My friend Steve requested a key-shaped key hanger for Christmas, (and I finished it just in the nick of time). It's a fairly easy project if you have a drill-press and scroll/band saw. Total cost of the project was $1.73 for the key hanger hooks from the local hardware store.
I always have a wide selection of plywood stock handy for last-minute projects, but hardwoods like pine or birch would have been fine for this project as well, I just like how the grains come out on the top layer of the ply once it's finished.
3/4" thick plywood
4 Brass Cup Hooks ($1.73 at my local hardware store)
Minwax Wood Finish
Sandpaper (assorted grits between 80-320)
Slot-cutting bit (optional)
Center Punch tool + Hammer (optional)
Safety Glasses (mandatory)
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Step 1: Find a Template
This step is pretty straightforward (for you anyway) - I have attached the template, so you can just print it out and tape the two parts together. (This template was created from two different key patterns I found online, so it is technically a completely unique design).
I taped the cut-out template to my plywood piece, and marked the centers of all the hole positions with a hammer and center punch (a pen works just as well too).
I've detailed the sized of the holes to be drilled in the attached image.
Step 2: Drill the Holes
After peeling off the template and saving it for later (you never know), I set up my drill press and drilled the 1", 3/4" and 5/16" holes into the ply, as shown in the image attached.
It helps to put a scrap piece of wood under the wood you're drilling through, in order reduce the splintering on the back face of the piece.
Step 3: Cut It Out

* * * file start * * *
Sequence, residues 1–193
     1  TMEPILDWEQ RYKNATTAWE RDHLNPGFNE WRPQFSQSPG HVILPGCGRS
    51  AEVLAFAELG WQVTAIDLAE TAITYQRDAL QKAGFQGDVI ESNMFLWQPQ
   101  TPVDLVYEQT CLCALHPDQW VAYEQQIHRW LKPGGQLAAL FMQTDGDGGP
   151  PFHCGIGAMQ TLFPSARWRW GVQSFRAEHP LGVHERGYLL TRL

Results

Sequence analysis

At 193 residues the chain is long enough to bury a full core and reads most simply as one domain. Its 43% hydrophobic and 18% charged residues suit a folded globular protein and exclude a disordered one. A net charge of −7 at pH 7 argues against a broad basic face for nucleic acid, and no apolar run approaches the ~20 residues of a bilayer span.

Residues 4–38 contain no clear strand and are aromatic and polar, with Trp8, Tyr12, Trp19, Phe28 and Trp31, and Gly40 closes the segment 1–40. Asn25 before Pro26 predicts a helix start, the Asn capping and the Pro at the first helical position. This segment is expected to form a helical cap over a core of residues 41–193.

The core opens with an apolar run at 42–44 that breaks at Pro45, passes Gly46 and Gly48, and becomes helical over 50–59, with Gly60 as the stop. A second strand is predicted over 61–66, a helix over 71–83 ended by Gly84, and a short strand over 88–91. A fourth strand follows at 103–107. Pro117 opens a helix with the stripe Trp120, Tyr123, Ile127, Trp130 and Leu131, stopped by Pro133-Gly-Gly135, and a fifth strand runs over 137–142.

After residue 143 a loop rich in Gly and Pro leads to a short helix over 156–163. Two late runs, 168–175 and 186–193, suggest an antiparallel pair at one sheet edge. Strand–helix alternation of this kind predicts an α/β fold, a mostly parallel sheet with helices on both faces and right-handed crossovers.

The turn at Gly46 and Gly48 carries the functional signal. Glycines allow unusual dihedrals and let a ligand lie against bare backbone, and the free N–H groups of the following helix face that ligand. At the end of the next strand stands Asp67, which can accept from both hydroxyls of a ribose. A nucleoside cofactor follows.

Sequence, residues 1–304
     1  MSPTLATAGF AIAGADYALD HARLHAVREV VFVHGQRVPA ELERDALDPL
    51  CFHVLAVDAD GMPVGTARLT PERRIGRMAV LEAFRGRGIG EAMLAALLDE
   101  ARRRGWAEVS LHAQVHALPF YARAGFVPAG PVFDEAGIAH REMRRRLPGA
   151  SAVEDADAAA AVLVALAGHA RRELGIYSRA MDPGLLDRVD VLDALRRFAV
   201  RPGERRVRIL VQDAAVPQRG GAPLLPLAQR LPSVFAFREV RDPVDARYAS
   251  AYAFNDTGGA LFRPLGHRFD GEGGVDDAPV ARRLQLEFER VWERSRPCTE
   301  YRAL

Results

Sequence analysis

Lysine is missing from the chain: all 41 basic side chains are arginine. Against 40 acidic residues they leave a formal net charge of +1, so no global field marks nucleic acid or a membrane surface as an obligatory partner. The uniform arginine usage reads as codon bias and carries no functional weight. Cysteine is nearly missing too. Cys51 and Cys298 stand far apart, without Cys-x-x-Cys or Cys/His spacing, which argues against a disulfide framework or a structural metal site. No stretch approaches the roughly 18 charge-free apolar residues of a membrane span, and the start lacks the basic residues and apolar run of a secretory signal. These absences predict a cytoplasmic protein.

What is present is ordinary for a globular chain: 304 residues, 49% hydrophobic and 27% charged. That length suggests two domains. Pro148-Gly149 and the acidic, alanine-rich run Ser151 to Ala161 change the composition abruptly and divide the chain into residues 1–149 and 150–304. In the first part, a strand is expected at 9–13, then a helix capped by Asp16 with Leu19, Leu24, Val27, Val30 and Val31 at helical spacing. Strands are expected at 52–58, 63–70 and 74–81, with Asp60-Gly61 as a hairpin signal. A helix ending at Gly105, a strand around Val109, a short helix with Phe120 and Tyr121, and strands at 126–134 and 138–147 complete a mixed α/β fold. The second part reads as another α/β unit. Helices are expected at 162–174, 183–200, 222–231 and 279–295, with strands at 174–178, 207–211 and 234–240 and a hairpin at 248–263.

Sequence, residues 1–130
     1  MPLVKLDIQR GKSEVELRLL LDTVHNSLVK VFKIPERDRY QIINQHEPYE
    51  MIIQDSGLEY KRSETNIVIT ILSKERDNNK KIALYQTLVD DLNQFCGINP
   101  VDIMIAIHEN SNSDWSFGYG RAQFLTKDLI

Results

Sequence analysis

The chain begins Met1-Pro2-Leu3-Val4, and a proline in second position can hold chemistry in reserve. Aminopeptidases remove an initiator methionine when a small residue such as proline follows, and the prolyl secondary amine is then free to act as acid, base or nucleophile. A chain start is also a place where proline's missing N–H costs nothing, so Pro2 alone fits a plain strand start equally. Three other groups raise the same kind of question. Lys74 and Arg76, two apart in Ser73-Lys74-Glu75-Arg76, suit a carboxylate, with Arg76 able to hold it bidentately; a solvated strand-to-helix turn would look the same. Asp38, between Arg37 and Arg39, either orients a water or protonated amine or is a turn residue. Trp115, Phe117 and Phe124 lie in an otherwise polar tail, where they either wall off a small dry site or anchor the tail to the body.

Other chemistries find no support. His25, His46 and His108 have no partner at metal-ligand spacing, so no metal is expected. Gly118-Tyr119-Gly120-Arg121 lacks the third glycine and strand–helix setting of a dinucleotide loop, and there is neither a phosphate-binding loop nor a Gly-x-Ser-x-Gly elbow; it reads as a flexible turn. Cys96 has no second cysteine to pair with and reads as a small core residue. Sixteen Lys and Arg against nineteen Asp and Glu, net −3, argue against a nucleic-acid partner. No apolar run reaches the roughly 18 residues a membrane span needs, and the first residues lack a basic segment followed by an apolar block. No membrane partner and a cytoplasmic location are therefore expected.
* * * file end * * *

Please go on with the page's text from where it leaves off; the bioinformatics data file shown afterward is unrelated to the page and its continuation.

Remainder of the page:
I'd suggest using a scroll saw for this step if you've got one. I personally used a jig saw that I've converted into a scroll saw (not the safest, but it's been a faithful tool for the better part of two years), and results don't lie.
Just watch your fingers and don't forget safety glasses!
Step 4: Sand and File It Down
I used an assortment of files, and various grits of sandpaper, starting from a rough 80 grit and smoothing it over with 320 grit by the end.
It is important to make sure the corners and edges are all smooth and free of burrs and splinters, in order for this to be an attractive thing to use.
This is definitely the most painstaking, long, and probably boring part of the process, but the result is well worth the effort. Just make sure the key is comfortable and pleasing to the touch, and then rub it down with another round of 200-320 grit (for good measure).
Step 5: Drill the Cup Hook Holes
I used a 3/32" drill bit to drill the four holes that hold the cup hooks, but that may change depending on what size cup hooks you decide to use.
I used a ruler to draw a fine on the face of the wood so that the holes would line up neatly, drilled approximately 1/2" deep into the wood, and spaced the holes about 3.75" apart.
Step 6: Make the Hanging Slots
Now, there are special router bits that are used to cut hanging slots (an example: http://i.imgur.com/uBvw8.jpg). Since I have neither a router or the necessary bit, I make my hanging slots a bit differently - with two drill bits, and a dremel sawing bit.
I don't really recommend my way of doing it, but if you don't have a router, this is probably the easiest way to do it:
1. Drill two aligned holes slightly larger than the screw head you'd use to hang the key holder, like I do in the picture.
2. Drill two holes slightly larger than the screw body right above the previous two holes (these will be the slots). Use the drill bit to clear the material between the two holes to creat the slot.
3. Use a file to clean up the slot if need be.
4. Lower the dremel sawing bit to the bottom of either large hole and cut into the upwards direction to create the cavity that the screw head will rest in.
Like I said, not the best way, but I've been doing it this way long enough to have gotten pretty good at it. Whatever you do, just be safe!
Step 7: Stain It and Attach the Cup Hooks
I used a Minwax Stain called "Golden Pecan" and was extremely happy with the result.
I stained it by using a rag (instead of a brush, because rags do not leave brush marks and allow to spread the stain uniformly), and of course wore disposable gloves. (Stain is a pain to wash off your bare hands).
After staining, I screwed in the cup hooks into the pre-drilled holes, and that's all she wrote.
Very simple project for beginners, didn't take me more than a few hours from start to finish, and cheap on top of it all.
Hope you enjoyed the ible, and that you post your own projects in response!